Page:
Photo by Doug Balcomb
an AMAZING experience - visiting the Gray whales in Baja~
VISIT THE GRAY WHALES OF BAJA'S SAN IGNACIO LAGOON WITH ORCA NETWORK IN 2020!
Please print or type all information on this Registration Form
and mail back to us with your deposit, made out to “Orca Network” to: Orca Network, 485 Labella Vista Way, Freeland, WA 98249 (or scan and EMAIL to email@example.com) - thank you!
Join our 10th annual five-day Expedition to Baja to visit the friendly Gray Whales of San Ignacio Lagoon MARCH 7 - 11, 2020
. Trips fill up fast, so please send in your registration form and deposit to reserve your space. If you are not ready to commit but are considering joining the 2020 trip to visit gray whales in San Ignacio Lagoon, please email Orca Network
to be notified of availability of spaces.
To reserve space for the 2020 trip to San Ignacio Lagoon, email: firstname.lastname@example.org or call 360-331-3543
Cost of the trip: $3485 + $115 tourist card & Biosphere Reserve entrance fees = $3600 Total Cost (includes travel from San Diego to San Ignacio Lagoon and back, and all room and lodging while at San Ignacio Lagoon except a tip for the staff at Campo Cortez). Lodging in San Diego can be booked through the hotel we depart from, which offers a group rate of ~$100/night for a double.
Click here to see photos from our 2013 trip to San Ignacio Lagoon
, Baja, Mexico to visit the Gray Whales in one of their birthing lagoons, and learn about the amazing ecosystems of Baja's Biosphere Reserve. The trip helped raise much needed funding for Orca Network's Sighting Network and education programs, while providing an opportunity to watch and learn about the gray whales on the southern end of their migration, and experience the "Friendly Grays" of Baja.
For photos from some of our previous trips, visit these links:
Trip and camp info and photos from earlier gray whale trips to Baja
2015 Susan Berta photos
2014 James Cosgrove photos
The wonderful crew at the camp share their knowledge of the beautiful Baja Biosphere Reserve, teaching us about the marine and intertidal life, desert plant life, and more - along with two whale watches daily for amazing encounters with Gray whales, dolphins, sea lions and turtles. The gray whale moms and calves share precious moments with us, and we observe spyhopping, breaching, mating, and other behaviors those of us up north don't often observe.
Then there is the unbelievable experience of the small percentage of Grays in the lagoon that are known as the "Friendlies" - the whales that approach the boats for friendly encounters that are indescribable. The mothers bring their young calves up to the delighted people on board the small boats, or pangas, in the lagoon. "We've had occasions where a mother gray would push her calf right up to the boat, holding the calf between her body and the boat," said Susan Berta of Orca Network. "Even though we've experienced this phenomenon for several years in a row now, I still find it difficult to believe the whales exhibit this behavior", Berta stated.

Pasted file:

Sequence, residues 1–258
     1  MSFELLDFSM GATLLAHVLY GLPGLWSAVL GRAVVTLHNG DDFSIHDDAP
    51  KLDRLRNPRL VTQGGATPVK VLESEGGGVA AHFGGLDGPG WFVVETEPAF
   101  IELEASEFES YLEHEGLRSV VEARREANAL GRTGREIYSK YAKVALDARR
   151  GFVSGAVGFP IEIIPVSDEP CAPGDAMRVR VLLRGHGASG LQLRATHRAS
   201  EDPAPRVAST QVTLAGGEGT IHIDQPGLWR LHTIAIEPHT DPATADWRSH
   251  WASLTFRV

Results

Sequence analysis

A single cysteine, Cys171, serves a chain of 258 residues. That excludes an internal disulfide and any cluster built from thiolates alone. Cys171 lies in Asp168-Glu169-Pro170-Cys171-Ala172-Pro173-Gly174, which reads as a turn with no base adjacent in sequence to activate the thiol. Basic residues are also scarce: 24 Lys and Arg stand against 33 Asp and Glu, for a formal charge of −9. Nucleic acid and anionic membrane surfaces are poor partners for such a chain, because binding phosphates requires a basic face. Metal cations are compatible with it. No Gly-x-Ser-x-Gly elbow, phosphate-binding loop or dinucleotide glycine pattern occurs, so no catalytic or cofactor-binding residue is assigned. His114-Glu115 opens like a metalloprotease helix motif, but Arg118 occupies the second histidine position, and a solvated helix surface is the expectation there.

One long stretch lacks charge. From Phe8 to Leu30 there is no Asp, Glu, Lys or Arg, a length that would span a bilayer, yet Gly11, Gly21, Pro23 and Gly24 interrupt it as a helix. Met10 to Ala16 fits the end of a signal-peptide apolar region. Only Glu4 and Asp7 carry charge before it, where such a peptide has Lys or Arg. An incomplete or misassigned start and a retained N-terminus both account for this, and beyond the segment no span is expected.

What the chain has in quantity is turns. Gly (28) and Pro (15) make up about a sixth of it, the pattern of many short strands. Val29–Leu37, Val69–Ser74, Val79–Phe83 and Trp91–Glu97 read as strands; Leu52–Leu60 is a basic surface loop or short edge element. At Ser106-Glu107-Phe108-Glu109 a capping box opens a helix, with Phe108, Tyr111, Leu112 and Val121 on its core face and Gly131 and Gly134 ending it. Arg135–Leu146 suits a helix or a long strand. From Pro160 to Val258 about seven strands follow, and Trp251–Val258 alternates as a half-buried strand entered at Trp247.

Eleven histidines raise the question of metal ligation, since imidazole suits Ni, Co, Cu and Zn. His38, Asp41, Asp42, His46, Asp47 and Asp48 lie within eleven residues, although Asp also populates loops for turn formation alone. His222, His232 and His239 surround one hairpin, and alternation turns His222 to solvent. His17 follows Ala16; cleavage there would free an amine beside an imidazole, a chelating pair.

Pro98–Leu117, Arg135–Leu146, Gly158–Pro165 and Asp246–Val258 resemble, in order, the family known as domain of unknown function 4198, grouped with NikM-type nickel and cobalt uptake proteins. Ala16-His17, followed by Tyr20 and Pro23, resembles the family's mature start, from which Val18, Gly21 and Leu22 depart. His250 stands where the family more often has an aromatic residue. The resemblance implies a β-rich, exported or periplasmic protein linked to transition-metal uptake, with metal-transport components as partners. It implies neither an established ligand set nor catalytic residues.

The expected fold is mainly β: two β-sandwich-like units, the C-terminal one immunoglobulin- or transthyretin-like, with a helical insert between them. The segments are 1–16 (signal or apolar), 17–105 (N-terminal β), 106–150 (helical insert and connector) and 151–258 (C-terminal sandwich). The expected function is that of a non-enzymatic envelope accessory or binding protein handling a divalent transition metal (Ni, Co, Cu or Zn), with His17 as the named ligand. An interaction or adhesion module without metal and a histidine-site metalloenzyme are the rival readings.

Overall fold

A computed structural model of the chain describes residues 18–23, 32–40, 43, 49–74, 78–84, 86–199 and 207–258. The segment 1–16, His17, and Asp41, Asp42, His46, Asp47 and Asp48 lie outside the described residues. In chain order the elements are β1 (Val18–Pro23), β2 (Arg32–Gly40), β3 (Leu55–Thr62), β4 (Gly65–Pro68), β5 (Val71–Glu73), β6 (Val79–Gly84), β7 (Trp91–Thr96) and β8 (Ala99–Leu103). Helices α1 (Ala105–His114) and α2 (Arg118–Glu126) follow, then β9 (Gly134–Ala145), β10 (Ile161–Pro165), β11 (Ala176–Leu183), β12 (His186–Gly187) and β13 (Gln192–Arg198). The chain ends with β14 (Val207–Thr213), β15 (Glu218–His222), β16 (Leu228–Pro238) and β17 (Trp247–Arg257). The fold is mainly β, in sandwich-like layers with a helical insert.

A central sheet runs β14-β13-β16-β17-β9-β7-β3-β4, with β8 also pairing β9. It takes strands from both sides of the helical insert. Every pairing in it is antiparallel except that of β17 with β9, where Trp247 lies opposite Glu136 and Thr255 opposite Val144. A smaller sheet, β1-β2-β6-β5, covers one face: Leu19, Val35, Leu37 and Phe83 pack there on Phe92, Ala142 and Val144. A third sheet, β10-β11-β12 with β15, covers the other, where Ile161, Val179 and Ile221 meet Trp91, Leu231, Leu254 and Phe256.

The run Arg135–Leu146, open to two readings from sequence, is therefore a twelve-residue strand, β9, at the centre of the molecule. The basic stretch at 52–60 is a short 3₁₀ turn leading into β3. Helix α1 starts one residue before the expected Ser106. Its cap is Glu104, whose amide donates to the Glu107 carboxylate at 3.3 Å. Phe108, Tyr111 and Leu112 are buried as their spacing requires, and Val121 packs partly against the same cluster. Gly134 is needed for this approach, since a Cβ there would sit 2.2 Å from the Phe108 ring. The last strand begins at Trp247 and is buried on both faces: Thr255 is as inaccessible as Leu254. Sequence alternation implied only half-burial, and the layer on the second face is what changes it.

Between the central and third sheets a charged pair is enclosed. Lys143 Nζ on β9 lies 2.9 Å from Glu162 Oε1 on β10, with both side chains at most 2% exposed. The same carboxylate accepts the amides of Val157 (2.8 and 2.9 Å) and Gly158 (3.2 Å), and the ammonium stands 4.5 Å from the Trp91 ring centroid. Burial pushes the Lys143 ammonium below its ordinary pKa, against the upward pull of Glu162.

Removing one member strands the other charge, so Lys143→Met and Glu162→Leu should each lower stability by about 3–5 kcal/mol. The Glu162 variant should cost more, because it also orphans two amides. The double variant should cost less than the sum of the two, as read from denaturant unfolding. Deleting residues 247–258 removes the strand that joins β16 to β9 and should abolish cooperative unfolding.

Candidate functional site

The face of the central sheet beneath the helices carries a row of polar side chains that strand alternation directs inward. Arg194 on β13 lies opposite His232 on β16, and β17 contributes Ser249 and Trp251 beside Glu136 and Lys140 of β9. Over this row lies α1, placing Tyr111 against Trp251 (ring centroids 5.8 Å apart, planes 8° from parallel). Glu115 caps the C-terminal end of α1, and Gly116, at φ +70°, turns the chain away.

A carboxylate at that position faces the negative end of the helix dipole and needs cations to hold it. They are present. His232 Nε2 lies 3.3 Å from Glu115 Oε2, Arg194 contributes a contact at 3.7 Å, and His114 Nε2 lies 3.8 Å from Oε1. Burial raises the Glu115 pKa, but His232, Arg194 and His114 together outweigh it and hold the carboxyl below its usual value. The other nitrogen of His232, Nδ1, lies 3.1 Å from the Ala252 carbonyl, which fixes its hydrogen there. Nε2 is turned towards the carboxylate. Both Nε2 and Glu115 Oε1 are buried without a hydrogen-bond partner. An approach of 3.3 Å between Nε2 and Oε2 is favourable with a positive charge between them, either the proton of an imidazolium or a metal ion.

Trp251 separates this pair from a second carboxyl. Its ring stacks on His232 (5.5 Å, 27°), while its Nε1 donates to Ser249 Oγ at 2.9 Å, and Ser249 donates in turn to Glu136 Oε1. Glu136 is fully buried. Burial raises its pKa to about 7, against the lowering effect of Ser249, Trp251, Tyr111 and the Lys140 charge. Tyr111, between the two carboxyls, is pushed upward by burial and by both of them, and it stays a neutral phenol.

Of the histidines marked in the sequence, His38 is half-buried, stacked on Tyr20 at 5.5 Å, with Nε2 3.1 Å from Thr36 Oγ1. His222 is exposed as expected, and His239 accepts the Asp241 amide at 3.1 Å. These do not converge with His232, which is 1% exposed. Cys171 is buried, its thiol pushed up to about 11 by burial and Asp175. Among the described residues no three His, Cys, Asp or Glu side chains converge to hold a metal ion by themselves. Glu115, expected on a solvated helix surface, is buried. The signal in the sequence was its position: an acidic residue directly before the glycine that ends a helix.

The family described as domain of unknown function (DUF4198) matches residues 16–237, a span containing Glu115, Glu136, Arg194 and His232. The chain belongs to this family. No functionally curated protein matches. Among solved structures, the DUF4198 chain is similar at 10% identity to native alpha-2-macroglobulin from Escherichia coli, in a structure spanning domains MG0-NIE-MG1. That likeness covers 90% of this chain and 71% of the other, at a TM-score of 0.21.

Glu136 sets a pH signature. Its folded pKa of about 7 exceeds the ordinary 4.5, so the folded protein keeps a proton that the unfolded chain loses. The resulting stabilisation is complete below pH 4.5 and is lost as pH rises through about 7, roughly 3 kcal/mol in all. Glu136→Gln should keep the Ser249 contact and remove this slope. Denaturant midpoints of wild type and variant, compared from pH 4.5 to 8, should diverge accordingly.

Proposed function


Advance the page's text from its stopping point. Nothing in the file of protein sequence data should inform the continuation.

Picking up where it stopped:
"The only word to describe this experience is TRUST. The Gray whale moms show an enormous amount of trust when they bring their babes over to swim around and play with the pangas. And we humans, who suddenly feel very small when Mom (all 45 - 50' of her) is right under our small boat, her head on one side, her flukes on the other - have to trust that the whales won't harm us. One flick of her flukes, and mom could toss our boat into the air - but they are as gentle with us as we are with them. We may not speak the same language, but there is a shared spirit of love and one-ness when you are in the waters with these whales".
These whales have been approaching the small Mexican pangas for several decades, and this eco-tourism industry has helped communities who are finding it increasingly difficult to survive on declining fisheries.
"We were very impressed with how the local communities operate and regulate the whale watching eco-tourism in San Ignacio Lagoon, and feel it is an incredible model for sustainable whale watching and tourism in a remote and pristine area."
For more information, contact Orca Network at email@example.com or 360-331-3543. We hope you can join us on this year's adventure - space is limited, so make your reservation now!
Susan Berta & Howard Garrett,
Orca Network, Freeland, WA